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AACC Approved Methods of Analysis, 11th Edition - AACC Method 32-31.01. Fructans in Foods and Food Products—Ion Exchange Chromatographic Method

AACC Approved Methods of Analysis, 11th Edition


AACC Method 32-31.01
Fructans in Foods and Food Products—Ion Exchange Chromatographic Method


Fructans are polydisperse mixtures of molecules that consist of fructose moieties linked to each other by beta(2-1) bonds. A glucose moiety may be linked to the end of the chain by an alpha(1-2) bond, as in sucrose. The degree of polymerization (DP) may vary from 2 to several hundreds. The main components of fructans are inulin (mainly DP 2–60) and oligofructose (DP 2–10). This method allows the quantitative determination of fructans in processed foods and raw materials, such as cereal products, fruits, and vegetables.

The method relies on the enzymatic treatment of the sample with an inulinase enzyme, followed by determination of the released sugars. The fructans are extracted from the sample with boiling water. An aliquot of the extract is hydrolyzed using a lyophilized amyloglucosidase enzyme. Subsequently, a part of that hydrolysate is treated with Fructozym.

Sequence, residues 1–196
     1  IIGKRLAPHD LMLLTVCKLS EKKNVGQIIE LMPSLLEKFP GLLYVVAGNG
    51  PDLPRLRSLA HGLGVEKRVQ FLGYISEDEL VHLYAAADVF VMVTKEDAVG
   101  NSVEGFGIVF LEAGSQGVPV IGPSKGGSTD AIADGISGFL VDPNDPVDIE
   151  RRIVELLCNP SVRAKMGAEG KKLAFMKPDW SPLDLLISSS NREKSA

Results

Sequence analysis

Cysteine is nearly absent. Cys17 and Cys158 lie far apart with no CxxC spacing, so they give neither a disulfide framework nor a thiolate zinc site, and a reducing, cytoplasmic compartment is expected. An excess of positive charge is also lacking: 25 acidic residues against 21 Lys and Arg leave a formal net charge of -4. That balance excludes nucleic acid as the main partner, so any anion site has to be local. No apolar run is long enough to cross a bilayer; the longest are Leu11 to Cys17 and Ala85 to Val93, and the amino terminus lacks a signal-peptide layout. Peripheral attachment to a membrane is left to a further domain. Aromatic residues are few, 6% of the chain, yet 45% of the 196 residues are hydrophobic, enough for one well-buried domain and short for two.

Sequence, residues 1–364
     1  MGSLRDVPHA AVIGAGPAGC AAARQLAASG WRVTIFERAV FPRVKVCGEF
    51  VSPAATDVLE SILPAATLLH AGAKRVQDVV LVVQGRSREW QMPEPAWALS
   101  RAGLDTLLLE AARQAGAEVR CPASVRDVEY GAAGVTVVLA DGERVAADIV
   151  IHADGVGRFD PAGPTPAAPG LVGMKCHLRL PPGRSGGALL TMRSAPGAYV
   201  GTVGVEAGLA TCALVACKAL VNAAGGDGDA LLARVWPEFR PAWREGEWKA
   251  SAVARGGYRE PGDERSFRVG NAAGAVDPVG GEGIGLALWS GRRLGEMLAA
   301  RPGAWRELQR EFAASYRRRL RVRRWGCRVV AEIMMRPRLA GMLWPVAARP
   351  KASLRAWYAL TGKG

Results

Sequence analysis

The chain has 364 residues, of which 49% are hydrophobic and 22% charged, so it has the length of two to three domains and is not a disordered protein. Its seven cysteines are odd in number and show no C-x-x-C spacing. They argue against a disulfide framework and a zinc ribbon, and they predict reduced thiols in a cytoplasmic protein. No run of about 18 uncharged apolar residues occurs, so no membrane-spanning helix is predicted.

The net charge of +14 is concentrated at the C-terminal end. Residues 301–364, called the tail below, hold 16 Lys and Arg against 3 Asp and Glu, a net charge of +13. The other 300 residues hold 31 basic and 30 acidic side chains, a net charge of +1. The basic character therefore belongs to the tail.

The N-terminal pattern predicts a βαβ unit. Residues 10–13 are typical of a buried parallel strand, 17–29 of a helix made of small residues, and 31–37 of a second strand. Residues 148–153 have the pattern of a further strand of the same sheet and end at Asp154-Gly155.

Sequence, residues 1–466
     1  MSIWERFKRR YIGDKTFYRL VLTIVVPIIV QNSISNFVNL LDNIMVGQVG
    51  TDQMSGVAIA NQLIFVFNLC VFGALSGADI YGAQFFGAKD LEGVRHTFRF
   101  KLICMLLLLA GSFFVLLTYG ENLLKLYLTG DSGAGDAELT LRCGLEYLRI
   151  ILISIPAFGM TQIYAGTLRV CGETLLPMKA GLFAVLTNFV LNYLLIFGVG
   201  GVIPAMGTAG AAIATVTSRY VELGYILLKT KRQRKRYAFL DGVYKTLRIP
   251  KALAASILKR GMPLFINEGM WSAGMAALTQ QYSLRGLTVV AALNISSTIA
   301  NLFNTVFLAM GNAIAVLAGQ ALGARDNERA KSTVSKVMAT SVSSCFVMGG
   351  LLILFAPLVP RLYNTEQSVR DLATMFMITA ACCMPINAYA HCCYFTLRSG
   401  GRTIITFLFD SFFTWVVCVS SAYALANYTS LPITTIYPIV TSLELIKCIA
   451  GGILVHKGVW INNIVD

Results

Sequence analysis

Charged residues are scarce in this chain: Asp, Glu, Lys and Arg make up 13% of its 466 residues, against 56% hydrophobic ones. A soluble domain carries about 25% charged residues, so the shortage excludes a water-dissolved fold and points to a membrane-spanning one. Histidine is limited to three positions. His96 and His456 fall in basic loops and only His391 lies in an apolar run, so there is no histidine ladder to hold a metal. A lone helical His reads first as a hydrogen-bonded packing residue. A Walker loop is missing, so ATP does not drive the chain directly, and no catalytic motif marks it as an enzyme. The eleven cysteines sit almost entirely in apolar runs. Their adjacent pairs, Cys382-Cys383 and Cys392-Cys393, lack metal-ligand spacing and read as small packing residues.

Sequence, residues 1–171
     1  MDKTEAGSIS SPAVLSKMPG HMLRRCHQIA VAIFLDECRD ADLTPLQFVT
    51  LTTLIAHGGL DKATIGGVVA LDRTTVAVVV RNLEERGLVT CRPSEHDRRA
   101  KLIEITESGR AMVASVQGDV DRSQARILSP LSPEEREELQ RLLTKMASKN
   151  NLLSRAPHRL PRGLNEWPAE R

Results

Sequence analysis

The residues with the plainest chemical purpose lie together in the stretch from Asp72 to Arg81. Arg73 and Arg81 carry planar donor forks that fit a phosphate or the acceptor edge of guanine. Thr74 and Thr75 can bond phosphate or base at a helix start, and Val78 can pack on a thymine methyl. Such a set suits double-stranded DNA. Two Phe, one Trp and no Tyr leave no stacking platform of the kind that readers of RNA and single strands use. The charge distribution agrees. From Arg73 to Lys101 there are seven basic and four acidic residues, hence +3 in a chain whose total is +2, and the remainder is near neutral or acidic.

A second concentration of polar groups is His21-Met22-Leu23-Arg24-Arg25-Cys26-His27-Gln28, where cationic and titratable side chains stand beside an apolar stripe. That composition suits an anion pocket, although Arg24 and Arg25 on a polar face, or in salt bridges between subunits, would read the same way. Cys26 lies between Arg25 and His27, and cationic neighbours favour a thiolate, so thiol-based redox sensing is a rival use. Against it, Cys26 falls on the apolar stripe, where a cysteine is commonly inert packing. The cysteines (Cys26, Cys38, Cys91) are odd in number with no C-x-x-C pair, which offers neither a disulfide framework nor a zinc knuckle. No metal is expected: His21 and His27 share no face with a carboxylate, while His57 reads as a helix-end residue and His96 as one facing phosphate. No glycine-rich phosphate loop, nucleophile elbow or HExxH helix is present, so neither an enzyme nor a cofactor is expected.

The first and the second hydrolysate and the initial sample are analyzed using high-performance anion-exchange chromatography (HPAEC)-pulsed amperometric detection. In sugar analysis 1, free fructose (Ff) and sucrose (S) are determined in the initial sample. In sugar analysis 2, the sum of the amount of free glucose (Gf) and glucose from maltodextrins and starch (Gm) are determined in the first hydrolysate. In sugar analysis 3, the total amount of glucose (Gt) and the total amount of fructose (Ft) are determined in the second hydrolysate. The concentration of glucose and fructose released from fructan is calculated by difference from these determinations.

Glucose released from fructan (Gi) = GtS/1.9 – (Gf + Gm)

Fructose released from fructan (Fi) = FtS/1.9 – Ff

The fructan content (i) is the sum of Gi and Fi, corrected for the water loss during hydrolysis: i = k (Gi + Fi). For inulin from chicory, k = 0.91, and for oligofructose, k = 0.925.